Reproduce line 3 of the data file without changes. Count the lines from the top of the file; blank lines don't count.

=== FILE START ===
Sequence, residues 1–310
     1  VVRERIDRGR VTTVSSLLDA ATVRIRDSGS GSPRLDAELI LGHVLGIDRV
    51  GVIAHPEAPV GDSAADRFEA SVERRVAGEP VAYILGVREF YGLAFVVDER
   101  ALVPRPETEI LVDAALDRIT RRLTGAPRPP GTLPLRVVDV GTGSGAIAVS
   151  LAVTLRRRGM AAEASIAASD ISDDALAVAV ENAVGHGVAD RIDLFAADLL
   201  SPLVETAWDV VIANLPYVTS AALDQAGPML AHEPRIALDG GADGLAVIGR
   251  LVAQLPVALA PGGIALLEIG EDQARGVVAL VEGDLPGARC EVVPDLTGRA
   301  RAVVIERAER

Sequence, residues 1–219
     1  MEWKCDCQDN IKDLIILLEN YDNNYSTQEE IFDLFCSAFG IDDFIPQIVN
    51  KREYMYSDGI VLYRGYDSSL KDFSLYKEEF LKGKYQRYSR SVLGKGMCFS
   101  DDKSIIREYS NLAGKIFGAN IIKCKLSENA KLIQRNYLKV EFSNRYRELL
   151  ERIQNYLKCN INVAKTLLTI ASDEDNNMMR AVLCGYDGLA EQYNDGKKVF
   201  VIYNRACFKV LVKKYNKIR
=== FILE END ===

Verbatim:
    51  GVIAHPEAPV GDSAADRFEA SVERRVAGEP VAYILGVREF YGLAFVVDER